Another problem is that banks in Spain and Italy snookered depositors by selling them subordinated bonds (which would be at the head of the wipeout queue) by telling them they were just as good as deposits but had a better yield.

Finally, depositors can get bailed in (witness the resolution of banks in Cyprus). And those were merely deposit-heavy banks. At TBTF type banks, there are lots of secured creditors that are senior to depositors, who are unsecured (of course, you have to look at the legal entities where all these obligations sit to see who gets what, but just sayin’).

By Don Quijones. Originally published at Wolf Street

On Friday, the Turkish Lira plunged 15% against the US dollar. Over the past two days, it has plunged 18%. Over the past four months — shown in the chart below — it has plunged 38%:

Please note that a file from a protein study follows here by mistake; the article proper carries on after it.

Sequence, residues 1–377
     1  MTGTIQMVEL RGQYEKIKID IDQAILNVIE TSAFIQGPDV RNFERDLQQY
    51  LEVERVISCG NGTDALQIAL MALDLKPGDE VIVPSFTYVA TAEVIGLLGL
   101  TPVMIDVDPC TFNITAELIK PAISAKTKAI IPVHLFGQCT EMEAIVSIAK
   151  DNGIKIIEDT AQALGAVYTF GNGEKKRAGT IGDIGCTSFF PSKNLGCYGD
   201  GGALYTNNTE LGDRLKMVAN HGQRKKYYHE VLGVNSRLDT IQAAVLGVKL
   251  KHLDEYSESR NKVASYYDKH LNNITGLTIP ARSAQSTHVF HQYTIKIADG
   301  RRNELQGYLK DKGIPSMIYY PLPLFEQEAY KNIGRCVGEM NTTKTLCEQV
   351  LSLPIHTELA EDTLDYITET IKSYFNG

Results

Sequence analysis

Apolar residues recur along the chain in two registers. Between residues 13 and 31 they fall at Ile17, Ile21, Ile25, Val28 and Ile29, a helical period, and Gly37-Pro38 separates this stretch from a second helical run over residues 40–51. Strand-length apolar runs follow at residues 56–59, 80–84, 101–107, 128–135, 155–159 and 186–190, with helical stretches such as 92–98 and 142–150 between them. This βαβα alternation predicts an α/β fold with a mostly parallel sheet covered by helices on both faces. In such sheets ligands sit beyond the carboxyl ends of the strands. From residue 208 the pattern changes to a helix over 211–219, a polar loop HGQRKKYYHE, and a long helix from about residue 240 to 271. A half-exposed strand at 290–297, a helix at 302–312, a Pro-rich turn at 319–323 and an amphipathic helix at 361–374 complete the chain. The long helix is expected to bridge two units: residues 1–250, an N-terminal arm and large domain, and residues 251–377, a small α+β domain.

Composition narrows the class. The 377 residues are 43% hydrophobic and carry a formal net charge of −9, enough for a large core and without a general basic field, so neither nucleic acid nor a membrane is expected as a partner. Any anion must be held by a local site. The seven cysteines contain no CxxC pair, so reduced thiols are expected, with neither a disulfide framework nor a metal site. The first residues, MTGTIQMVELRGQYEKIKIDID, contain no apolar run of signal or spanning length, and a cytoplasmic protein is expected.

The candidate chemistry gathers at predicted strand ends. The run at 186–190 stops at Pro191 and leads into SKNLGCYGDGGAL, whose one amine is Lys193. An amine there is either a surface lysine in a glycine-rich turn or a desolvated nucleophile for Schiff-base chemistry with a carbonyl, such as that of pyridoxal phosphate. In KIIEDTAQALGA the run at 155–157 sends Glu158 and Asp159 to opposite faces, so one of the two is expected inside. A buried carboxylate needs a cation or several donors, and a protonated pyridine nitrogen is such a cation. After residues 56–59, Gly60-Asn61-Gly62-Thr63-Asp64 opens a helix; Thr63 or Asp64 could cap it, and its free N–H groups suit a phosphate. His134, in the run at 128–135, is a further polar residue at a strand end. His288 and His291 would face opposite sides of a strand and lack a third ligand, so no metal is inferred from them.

Now even the ECB is beginning to fret about the potential impact the plummeting Turkish Lira may have on Eurozone banks that are heavily exposed to Turkey’s economy via large amounts in loans — much of it in euros — through banks they acquired in Turkey. Given the plunge in the lira, companies have trouble servicing their euro loans and are beginning to default. And loans in local currency are plunging in value along with the currency. This is how the currency crisis in Turkey, which is turning into a debt crisis, could set off contagion effects among banks in France, Spain and Italy — a risk we have been exposing for two years.

The ECB is concerned that Turkish borrowers might not be hedged against the lira’s weakness and begin to default on foreign currency loans, which account for a staggering 40% of the Turkish banking sector’s assets, the FT reported. Turkey leads all other major emerging markets on total foreign-currency-denominated debt (including public debt), which hit nearly 70% of GDP last year (up from 39% in 2009).